There are two irrefutable rules of high school:
1) Most teens want to be like all other teens (although they won’t outright admit to this) and
2) Athletes are the least likely group on the adolescent food chain to get pushed into trashcans.
And so it shouldn’t be a huge surprise that my sophomore year of high school I decided that it was my life dream to join the swim team. I was jealous of all the swimmers and their coordinated clothing days before meets, worn so that everyone knew they were part of a Team (besides, one time of being in the trashcan was enough for me!). My friend Roxana encouraged me to join her on the team.
Which brings me to two important facts about me.
1) I didn’t know how to swim.
2) I had very little shame.
I told my mom that I wanted to sign up for swim lessons, and then met with my cardiologist for clearance. When the night of my first swim lesson came, I was ready.
One-piece, grandma-shaped swimsuit? $20.
Neon yellow nose plug? $5.
Realizing my lesson was at the same time as the school team’s practice, on the other side of a full-length glass wall? Priceless.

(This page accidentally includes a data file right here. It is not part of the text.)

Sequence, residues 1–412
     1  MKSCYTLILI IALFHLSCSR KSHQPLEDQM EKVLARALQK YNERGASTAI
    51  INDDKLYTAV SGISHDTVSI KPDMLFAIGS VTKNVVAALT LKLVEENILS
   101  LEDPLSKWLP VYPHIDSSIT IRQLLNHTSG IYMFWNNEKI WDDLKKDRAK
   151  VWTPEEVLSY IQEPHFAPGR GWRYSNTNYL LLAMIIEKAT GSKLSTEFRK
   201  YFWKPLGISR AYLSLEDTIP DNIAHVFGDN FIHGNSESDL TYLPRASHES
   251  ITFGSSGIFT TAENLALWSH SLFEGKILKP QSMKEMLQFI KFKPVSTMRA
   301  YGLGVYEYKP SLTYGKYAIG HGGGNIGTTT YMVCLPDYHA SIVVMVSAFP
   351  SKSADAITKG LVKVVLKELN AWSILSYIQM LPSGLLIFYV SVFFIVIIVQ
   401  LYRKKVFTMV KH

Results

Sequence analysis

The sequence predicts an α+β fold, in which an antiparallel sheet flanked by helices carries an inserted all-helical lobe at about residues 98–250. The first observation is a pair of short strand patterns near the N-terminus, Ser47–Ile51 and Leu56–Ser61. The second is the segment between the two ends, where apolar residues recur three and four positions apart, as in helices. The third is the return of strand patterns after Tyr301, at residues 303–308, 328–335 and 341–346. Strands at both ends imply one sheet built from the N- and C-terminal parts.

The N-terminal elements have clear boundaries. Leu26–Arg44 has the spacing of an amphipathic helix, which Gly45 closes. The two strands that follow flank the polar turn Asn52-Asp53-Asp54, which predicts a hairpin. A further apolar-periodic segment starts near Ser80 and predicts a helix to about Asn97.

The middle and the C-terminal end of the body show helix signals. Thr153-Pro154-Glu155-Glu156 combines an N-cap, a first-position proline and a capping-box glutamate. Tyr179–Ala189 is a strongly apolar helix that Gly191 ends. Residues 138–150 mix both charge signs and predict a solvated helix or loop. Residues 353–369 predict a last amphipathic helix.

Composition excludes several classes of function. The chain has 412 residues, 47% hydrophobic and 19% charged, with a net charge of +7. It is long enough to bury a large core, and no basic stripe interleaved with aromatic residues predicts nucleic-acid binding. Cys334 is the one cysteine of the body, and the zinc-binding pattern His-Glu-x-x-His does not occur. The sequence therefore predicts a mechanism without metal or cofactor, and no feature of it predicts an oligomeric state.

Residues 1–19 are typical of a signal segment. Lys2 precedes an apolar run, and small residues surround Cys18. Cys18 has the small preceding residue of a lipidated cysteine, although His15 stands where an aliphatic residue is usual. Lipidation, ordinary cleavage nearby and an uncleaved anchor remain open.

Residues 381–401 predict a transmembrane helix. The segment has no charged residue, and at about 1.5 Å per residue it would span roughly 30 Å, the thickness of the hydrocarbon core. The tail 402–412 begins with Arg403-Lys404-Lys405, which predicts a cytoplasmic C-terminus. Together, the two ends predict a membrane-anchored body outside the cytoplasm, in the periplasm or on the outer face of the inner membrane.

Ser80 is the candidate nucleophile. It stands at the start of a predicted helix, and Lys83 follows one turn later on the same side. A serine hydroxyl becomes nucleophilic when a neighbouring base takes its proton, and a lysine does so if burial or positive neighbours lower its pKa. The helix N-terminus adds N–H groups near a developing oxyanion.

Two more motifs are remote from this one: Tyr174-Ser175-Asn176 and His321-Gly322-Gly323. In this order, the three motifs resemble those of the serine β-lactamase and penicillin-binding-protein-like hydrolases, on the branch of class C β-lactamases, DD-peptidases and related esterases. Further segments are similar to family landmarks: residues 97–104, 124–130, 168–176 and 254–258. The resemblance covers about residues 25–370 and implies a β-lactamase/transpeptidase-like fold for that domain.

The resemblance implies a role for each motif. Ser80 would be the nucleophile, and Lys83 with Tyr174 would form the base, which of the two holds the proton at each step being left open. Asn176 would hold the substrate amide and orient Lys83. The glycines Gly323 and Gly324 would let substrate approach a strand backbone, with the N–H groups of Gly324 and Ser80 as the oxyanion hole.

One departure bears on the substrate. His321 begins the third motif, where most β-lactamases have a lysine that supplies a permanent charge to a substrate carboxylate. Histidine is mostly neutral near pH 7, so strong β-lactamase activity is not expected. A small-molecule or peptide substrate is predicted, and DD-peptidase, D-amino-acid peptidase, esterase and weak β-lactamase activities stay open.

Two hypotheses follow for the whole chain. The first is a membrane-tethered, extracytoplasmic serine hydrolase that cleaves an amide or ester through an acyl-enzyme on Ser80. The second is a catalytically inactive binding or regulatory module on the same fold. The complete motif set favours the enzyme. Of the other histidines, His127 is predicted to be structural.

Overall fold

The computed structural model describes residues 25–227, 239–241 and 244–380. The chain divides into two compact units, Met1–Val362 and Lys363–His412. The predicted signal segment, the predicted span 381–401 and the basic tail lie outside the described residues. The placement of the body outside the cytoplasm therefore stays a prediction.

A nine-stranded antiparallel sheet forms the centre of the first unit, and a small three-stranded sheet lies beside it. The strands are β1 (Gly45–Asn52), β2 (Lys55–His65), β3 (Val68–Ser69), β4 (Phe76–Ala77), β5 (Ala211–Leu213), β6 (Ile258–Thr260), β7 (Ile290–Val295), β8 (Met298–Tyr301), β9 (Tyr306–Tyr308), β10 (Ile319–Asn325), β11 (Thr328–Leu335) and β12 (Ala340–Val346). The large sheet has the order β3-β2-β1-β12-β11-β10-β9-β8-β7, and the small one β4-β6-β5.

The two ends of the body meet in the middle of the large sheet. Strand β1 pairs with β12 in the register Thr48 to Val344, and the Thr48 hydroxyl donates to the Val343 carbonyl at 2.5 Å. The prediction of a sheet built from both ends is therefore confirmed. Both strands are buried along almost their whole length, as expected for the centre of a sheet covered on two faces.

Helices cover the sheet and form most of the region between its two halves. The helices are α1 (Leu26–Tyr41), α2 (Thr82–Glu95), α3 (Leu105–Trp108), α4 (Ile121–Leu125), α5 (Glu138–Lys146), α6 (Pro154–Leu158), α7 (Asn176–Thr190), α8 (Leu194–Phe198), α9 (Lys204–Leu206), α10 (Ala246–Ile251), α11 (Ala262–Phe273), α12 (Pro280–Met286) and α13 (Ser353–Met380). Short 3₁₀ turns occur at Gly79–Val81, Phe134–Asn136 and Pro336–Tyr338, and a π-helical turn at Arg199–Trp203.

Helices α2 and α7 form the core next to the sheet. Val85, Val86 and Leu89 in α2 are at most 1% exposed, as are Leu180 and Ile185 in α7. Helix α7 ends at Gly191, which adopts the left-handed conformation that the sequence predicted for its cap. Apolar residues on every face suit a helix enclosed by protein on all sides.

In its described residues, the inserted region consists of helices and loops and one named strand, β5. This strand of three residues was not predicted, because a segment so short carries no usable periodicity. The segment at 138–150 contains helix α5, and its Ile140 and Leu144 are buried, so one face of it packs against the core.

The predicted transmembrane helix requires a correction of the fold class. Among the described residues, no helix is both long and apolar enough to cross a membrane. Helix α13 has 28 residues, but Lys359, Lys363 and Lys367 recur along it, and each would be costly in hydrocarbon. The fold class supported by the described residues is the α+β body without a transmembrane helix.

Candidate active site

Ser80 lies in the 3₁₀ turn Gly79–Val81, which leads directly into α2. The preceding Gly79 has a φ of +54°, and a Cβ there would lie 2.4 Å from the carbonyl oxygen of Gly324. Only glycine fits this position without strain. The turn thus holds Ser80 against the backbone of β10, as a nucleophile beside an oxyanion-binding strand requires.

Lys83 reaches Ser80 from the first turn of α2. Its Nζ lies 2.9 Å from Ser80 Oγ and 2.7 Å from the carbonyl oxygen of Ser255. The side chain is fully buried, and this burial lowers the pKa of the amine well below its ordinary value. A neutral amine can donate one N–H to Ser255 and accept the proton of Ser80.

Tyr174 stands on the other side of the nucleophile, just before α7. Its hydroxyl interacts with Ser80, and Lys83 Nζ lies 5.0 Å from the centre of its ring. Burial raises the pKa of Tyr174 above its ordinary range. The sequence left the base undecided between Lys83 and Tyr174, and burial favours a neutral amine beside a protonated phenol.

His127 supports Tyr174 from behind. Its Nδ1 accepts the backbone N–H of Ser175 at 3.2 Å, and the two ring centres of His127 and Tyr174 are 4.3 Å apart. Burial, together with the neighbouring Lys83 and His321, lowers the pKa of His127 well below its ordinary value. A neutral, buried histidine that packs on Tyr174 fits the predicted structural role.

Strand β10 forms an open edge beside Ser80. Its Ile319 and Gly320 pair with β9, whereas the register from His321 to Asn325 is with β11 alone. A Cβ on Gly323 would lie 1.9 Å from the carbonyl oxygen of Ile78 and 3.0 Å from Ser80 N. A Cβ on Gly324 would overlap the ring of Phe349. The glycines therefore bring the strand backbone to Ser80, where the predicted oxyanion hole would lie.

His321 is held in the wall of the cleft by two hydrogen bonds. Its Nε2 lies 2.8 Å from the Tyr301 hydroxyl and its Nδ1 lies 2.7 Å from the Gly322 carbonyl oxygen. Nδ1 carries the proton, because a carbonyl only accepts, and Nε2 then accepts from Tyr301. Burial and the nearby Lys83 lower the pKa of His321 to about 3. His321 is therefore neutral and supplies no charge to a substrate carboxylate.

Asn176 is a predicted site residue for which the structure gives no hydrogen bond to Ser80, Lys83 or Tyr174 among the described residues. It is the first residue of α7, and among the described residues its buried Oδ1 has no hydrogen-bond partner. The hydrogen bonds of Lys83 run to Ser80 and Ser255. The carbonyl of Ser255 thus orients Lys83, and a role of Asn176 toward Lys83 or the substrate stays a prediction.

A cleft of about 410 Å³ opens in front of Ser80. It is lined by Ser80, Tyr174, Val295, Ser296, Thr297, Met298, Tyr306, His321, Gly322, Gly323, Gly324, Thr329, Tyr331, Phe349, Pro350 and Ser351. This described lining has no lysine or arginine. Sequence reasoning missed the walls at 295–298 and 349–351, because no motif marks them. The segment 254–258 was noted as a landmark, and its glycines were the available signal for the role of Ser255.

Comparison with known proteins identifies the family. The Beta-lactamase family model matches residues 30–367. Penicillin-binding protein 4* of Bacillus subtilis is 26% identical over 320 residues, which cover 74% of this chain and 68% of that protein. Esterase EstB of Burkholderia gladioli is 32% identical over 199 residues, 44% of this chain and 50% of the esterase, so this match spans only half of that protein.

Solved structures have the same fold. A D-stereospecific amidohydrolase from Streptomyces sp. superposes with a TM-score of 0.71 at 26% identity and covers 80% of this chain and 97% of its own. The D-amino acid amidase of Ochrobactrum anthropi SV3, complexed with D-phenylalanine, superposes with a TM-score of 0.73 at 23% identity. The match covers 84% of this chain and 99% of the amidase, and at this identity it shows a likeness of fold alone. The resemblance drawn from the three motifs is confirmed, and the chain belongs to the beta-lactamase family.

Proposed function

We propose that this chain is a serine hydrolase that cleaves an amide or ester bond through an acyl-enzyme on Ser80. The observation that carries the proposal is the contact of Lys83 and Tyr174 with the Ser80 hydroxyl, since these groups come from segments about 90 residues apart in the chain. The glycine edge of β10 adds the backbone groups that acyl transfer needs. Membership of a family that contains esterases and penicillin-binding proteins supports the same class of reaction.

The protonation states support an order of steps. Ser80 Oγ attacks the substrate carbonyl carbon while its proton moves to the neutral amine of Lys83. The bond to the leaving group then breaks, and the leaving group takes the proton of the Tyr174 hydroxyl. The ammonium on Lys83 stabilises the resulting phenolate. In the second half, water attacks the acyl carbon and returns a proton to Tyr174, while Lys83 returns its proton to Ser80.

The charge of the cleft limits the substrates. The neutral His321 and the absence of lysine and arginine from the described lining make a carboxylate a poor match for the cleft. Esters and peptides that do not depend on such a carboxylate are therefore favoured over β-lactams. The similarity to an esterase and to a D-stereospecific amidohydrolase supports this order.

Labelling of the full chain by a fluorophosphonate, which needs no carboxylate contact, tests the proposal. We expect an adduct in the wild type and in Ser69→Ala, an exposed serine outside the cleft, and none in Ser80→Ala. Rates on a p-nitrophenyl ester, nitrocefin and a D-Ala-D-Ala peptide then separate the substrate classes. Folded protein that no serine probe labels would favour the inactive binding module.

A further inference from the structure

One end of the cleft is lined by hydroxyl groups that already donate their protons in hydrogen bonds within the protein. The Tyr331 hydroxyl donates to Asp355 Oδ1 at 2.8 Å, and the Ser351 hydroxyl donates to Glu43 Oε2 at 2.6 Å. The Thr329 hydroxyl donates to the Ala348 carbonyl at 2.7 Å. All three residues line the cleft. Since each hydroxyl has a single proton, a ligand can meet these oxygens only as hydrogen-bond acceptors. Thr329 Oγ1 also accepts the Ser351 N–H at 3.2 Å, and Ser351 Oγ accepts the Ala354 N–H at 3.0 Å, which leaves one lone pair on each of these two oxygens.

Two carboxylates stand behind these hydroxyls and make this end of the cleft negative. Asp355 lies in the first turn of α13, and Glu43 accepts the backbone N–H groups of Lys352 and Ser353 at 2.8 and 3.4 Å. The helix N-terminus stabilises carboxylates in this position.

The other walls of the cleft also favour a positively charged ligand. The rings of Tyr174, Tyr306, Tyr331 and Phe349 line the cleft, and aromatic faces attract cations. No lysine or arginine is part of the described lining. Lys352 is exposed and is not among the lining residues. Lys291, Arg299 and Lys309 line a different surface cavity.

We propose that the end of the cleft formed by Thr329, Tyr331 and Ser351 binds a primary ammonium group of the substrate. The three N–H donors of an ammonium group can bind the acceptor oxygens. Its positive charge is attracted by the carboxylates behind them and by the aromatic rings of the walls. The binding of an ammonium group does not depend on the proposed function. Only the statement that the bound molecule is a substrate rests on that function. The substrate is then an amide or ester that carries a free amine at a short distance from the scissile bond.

My entire lesson I prayed no one would recognize me practicing putting my face in the water with the 8 year olds. No such luck. Mom begged me to quit after that first class, before I embarrassed myself further, but I was determined. Like I said…no shame.
The humiliation paid off and junior year I did indeed join the swim team. Physically, it was one of the hardest things I’ve done. It was the first time I was allowed to play a sport (albeit a very modified one) and I struggled to learn new skills that come easily to most people, like measured breathing and diving. But I kept at it because I was so excited to be on that team, bucking my old doctor’s prediction that I’d have to live a life of inactivity.
And you know what? I dropped 42 seconds from my 200-meter breaststroke that first season! At the end-of-season team banquet I was awarded the Most Improved trophy. That trophy is one of my most prized possessions and I keep it on a shelf in Menininho’s room. To me, it is tangible proof that with hard work we can accomplish almost anything we set our minds to.
Head on over to MamaKat’s for her weekly writer’s workshop; I’m doing prompt #1 today!